The Portland Art Museum Rothko Pavilion has gone in front of the Historic Landmarks Commission to receive Design Advice. The project would add a new above grade structure to link the museum’s main building to the Mark Building. The project is being designed by Portland-based Hennebery Eddy Architects and Chicago-based Vinci Hamp Architects.
The museum’s campus campus consists of two buildings. The main building was designed by architect Pietro Belluschi, and completed in 1932. In 1970 Belluschi completed an addition to the north side of the building. The addition originally housed the Museum Art School, the predecessor to PNCA, and is now used for the museum shop and cafe, the Native American art galleries, and the Northwest art galleries. The main building has been listed on the National Register of Historic Places since 1974.
To the north of the main building is the Mark Building, which was originally built as known as the Masonic Temple. The museum agreed to buy the temple in 1990. A series of projects designed by Ann Beha Architects of Boston were completed to link the Masonic Temple to the main building. Construction of the Whitsell Auditorium, located beneath the plaza in between the two buildings, was completed in 2000. A renovation of the Mark Building, which now houses the Jubitz Center for Modern and Contemporary Art, was completed in 2005.
While the two buildings are connected underground, few visitors reach the contemporary art galleries in the Mark Building. At ground level and above the buildings are separated by a plaza. The plaza was formerly part of SW Madison St, however the right-of-way was vacated by the city council in 1968. The council ordinance that granted the land to the Art Museum and Masonic Temple Association required that an 8′ wide pedestrian path be maintained on the alignment of the former street.
The four story Rothko Pavilion will create a new main entry to the museum at the existing plaza. In response to earlier community concerns that the project would block pedestrian access, the pavilion now incorporates an exterior passageway at the ground level, maintaining the pedestrian connection between SW Park and 10th Ave.
The pavilion will link the galleries in the two buildings at levels 1.5, 2, 3 and 4. New gallery space will be created in levels 2 and 4 of the pavilion, and in level 1.5 of the Mark Building.
The sculpture court facing SW 10th Ave will be redesigned to be more open to the public realm than is currently the case. As a way to draw people through the site, the new paving would extend to the edge of new curb extensions proposed on SW Park and 10th.
The Museum’s main loading dock is currently located at the plaza between the two buildings. As part of the project the loading dock will be relocated to SW Jefferson St, with new gallery space above it at level 2 of the main building.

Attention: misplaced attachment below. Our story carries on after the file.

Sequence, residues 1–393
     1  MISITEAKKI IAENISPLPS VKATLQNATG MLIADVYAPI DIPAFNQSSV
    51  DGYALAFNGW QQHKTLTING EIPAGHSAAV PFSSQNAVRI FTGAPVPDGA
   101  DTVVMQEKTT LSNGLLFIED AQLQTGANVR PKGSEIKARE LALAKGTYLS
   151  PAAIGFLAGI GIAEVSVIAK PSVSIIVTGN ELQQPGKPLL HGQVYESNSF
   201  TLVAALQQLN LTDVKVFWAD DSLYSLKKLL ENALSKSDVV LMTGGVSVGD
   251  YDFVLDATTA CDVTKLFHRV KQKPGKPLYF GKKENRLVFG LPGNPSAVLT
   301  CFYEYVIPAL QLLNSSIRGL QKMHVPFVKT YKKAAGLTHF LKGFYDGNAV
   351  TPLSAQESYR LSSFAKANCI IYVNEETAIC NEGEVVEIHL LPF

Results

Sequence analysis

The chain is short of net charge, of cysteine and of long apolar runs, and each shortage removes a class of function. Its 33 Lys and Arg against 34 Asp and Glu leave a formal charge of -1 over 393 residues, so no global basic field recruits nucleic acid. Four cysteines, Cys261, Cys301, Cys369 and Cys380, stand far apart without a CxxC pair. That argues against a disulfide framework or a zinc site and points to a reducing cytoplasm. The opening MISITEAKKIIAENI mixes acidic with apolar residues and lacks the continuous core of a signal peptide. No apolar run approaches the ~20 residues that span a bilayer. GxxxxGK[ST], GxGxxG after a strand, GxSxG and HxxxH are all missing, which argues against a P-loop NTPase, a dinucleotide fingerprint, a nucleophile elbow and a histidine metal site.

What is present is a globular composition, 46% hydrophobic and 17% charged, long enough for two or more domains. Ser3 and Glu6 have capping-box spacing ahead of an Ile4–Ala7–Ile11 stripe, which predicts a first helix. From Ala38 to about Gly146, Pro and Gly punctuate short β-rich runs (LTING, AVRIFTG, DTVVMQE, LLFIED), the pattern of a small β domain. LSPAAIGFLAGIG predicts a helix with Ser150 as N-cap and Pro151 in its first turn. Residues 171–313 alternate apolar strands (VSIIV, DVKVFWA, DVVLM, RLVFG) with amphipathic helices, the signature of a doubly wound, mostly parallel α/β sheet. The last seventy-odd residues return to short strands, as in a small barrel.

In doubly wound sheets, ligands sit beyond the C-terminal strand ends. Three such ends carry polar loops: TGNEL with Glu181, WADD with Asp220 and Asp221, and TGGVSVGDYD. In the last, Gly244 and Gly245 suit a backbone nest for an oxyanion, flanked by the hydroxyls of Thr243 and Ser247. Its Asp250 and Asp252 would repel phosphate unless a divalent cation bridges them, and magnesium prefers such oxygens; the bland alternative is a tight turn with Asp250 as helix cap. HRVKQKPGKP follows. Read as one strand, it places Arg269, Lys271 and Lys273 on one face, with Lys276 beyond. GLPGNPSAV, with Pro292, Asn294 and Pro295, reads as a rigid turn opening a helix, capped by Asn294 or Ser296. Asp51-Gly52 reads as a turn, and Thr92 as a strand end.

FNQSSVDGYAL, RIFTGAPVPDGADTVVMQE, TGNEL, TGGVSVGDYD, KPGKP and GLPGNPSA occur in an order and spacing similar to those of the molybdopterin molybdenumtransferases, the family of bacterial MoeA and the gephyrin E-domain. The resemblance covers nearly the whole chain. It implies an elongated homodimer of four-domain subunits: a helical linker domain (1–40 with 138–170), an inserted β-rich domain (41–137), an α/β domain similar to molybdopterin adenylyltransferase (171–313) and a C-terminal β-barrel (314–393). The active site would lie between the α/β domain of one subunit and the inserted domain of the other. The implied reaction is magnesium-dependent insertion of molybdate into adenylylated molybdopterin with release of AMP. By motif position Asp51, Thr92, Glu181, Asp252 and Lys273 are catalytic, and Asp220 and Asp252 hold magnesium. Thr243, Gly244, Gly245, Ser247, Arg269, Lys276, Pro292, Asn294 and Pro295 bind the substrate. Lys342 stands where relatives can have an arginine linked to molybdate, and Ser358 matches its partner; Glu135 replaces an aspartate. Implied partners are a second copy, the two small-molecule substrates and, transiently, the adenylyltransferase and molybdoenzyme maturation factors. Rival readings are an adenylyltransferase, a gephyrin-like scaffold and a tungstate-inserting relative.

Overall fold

The project went in front of the Historic Landmarks Commission to receive Design Advice three times in total: in April and August 2018; and most recently on January 14th 2019. As noted in the Third Summary Memo the Commission supported the glazed language of the design, as “the most appropriate and simplest solution with regard to exterior cladding of the additions”. During the three meetings there was significant discussion about the location of the new loading dock, however the Commission ultimately agreed with the applicants that the location on SW Jefferson would be least harmful to the historic buildings and to the public realm. Among other outstanding issues, the Commission continued to urge the design team to carefully study the pedestrian accessway in order to make it “the best it can be”; “to be spectacular”.
The Rothko Pavilion is currently scheduled to go in front of the Historic Landmarks Commission for a Type III Historic Resource hearing on March 11th.
The original Pietro Belluschi entrance should remain a visitors entrance (in addition to the new entry), as it is more of an obvious entrance from various vantage points. It would also, arguably, remain the most dignified entry to the museum. The grand, original main entrances have been restored at recently renovated art museums like the Boston Museum of Fine Arts and the Virginia Museum of Fine Arts, even as additional, newer entrances have been constructed.
First, I agree that the original entrance should be maintained. It so diminishes the Belluschi building to have the entrance permanently shut.
Second, while the SW Jefferson side is really the only option for a new loading dock, the proposed ungainly appendage seems so wrong. I hope that the Design Commission can press for a better loading dock design.